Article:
YouTube Video Credit: HaseenA Shaik
Wednesday, February 28, 2018
Monday, February 26, 2018
Reclined on the coach watching the evening news on T.V., my mother was settled in for the night…until. She heard a scratching sound somewhere in the room, but did not investigate. Moments later, she glanced away from the T.V. and looked over at her staircase. She saw something of a shadowy figure.
As mom’s eyes focused, she made contact with the black bushy tailed squirrel who was peering at her between the spindled rails of the staircase. Before she could [AV1] blink, it dashed back up the stairs and into one of the rooms. And that was just the beginning.
It took mom a little while to collect herself and trudge up the stairs to the bedrooms. She did not hear the pitter patter of little feet, nor did she search for them. Instead, the quickly closed the bathroom and bedroom doors. And retreated back to the living room couch, where she slept intermittently.
The scratching continued the next day and mom had enough. She called me and asked if we were still planning to have lunch together. I said, “Yes, as long as it’s not at your house.” During lunch we discussed a strategy for getting the squirrel out of the house. We decided to call my teenage son.
My son met us at mom’s house. He strolled through the door like a sheriff from an old western movie. He put his clenched fists on his waist like Superman and began giving orders, “Ma, you take broom and Granny can use the mop.” We opened the front door and propped the screen door open with a kitchen chair.
My son climbed the stairs carrying his broom, he didn’t hear a sound, but he saw evidence of the squirrel. Sawdust was sprinkled across the front of a closed bedroom door. He opened the door slowly, using the flashlight on his cell phone to search for the squirrel. The squirrel wasn’t moving. My son pushed the door open wider and stumped his foot on the floor to rouse the squirrel.
In a matter of seconds the squirrel shot from the room, began to descend the stairs in my direction. I screamed, the squirrel tried to run back upstairs, but my son, blocked him with his broom. The squirrel scrambled back down the stairs and headed in mom’s direction, she guarded a corner with her mop. The squirrel escaped outside. Whew.
I felt like we were playing floor hockey. My son, the squirrel whisper, wild animal tamer, had devised a plan that worked. Sometimes it’s okay to listen to your children, teach them to be resourceful and not fearful.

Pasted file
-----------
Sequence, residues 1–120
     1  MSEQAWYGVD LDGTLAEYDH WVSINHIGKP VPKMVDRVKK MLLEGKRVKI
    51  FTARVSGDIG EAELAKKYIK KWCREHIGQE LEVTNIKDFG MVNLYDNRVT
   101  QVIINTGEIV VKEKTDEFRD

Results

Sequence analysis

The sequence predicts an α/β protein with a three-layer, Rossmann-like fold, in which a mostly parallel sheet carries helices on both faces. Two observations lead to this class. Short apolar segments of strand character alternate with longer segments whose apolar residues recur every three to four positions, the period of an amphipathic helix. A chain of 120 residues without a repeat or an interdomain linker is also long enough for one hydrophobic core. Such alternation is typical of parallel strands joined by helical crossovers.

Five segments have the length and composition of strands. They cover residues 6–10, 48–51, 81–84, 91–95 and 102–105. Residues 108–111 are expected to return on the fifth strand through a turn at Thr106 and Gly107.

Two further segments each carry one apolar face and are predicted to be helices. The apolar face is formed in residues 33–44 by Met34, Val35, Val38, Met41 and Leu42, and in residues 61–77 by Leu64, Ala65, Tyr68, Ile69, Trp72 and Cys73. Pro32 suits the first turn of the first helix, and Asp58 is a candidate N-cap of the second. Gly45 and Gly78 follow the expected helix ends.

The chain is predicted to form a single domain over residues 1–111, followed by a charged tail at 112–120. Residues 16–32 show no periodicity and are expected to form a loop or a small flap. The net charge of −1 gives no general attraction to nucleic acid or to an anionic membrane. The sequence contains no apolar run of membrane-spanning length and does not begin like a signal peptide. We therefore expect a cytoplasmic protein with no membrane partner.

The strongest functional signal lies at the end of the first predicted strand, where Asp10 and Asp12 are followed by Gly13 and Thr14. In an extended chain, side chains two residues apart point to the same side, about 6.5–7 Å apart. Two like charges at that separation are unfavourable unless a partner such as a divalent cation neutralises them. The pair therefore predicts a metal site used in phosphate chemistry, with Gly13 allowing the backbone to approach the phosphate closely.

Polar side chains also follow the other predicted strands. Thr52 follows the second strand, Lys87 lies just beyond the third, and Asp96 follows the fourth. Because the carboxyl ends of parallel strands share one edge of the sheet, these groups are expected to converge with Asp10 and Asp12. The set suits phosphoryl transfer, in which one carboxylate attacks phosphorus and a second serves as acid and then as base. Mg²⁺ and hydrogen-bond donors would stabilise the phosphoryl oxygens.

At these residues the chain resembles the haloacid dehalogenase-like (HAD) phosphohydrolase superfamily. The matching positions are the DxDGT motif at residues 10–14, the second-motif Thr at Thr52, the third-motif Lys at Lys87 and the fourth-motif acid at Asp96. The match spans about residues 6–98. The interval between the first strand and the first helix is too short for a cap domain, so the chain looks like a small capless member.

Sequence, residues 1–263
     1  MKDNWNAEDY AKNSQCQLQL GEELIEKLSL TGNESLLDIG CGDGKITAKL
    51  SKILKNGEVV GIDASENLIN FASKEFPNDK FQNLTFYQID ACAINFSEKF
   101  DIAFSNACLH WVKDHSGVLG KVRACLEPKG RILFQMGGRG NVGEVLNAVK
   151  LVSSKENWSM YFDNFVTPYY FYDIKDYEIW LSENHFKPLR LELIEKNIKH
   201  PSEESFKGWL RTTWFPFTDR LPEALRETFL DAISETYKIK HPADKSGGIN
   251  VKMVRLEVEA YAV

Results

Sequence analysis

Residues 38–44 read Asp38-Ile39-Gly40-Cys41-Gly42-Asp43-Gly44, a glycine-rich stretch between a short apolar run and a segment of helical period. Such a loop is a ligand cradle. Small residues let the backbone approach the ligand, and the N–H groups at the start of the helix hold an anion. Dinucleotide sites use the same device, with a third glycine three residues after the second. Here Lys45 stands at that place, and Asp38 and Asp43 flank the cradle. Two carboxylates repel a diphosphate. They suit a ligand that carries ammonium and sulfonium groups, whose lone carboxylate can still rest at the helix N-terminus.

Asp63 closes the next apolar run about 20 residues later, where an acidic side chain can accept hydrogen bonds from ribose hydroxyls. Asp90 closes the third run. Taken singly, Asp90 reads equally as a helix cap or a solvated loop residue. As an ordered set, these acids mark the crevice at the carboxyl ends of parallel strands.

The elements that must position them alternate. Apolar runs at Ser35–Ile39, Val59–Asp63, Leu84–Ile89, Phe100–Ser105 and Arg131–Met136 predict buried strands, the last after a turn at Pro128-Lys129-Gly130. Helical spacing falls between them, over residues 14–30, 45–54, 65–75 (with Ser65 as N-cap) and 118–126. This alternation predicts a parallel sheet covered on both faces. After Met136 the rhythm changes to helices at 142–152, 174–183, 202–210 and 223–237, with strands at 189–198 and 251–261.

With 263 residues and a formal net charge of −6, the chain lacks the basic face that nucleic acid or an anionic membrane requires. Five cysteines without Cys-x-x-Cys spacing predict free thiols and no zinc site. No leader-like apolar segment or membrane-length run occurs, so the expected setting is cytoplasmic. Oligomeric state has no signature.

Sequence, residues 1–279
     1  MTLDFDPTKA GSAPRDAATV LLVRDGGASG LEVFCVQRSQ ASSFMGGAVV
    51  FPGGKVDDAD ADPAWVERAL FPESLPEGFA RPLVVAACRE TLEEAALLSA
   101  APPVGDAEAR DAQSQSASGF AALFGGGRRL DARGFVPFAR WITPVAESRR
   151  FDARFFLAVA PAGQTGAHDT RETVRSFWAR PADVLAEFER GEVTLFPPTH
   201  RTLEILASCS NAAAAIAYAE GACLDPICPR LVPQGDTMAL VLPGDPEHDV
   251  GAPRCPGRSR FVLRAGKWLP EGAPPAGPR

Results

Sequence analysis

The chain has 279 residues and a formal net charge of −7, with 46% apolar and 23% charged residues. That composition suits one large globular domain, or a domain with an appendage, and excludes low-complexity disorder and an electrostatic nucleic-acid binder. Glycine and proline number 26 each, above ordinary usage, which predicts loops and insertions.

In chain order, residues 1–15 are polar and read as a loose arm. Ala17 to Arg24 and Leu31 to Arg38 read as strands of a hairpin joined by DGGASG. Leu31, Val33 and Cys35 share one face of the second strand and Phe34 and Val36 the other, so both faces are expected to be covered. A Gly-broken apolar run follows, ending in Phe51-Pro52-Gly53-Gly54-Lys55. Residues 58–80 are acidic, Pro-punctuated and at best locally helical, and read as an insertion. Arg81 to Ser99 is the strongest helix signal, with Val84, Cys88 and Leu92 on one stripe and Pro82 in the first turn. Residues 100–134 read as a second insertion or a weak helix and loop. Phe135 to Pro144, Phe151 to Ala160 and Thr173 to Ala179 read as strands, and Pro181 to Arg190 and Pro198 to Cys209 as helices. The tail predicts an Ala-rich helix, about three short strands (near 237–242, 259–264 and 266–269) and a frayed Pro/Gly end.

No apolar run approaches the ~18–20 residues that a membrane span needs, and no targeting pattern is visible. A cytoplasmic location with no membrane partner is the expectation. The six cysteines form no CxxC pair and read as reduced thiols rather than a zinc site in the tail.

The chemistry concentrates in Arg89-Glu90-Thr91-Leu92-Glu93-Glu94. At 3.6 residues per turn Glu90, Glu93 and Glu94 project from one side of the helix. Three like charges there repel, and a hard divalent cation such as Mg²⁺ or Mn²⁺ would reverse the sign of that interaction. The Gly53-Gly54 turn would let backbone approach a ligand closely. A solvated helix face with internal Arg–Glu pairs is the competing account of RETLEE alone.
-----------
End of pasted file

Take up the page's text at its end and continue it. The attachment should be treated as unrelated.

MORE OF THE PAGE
|This is the squirrel I envisioned coming from the bedroom.|
Have you had any encounters with wild animals?
Tuesday, February 13, 2018
It's time again for Susanna Leonard Hill's Annual Valentiny Contest. The rules were to create a story in which someone is hopeful, using a maximum of 214 word. Below is my entry.
Quack, Oink, Moo, cluck a-doodle-doo. Animals in an uproar. Barnyard friends love Cora’s Valentine cupcakes but, Cora has a broken wing. And a bad squawk.
Who will bake cupcakes for the Valentine festival?
Pig dumped flour into a bowl.
“Mooove over, let me add the milk.”
“Too much milk,” said Pig.
“How do you know? No one can read Cora’s chicken scratch.”
Duck waddled over to help. She flapped to the table, “Sugar is what we need.”
“Squawk,” Cora wailed.
“Don’t get your feathers ruffled,” Pig snorted. Tap, tap, crunch. Pig cracked eggs…
…a little too hard.
“We must prepare the Cluck-a-doodle cupcakes for the festival or everyone will be heartbroken,” said Duck.
“I hope we can follow Cora’s recipe,” said Pig.
“Mmmm, more eggs,” Cow moaned.
Eggs were beaten, milk poured and batter stirred.
“Red drops,” Pig bellowed.
“Squawk,” Cora wailed.
“Hush Cora, we’re almost done,” said Pig.
Cow slowly opened the oven and slid the mixture inside.
Everybody waited. Cow grazed, Duck went for a swim and Pig took a mud bath.
As the sun began to hide, it was time.
Hot from the oven, the cupcakes were… flat. Tiny.
The festival must go on.
Quack, Oink, Moo, cluck-a-doodle-doo. Valen-tiny cookies for all of you.
“Cluck-a-doodle yum,” said Duck.
“Squawk,” wailed Cora.
Monday, February 12, 2018
Deep in snow, away at college, my son called and asked how much snow we had here at home. “The forecast is predicting 7-9 inches,” I said.
“That’s one thing I like about being at school…I don’t have to shovel snow.”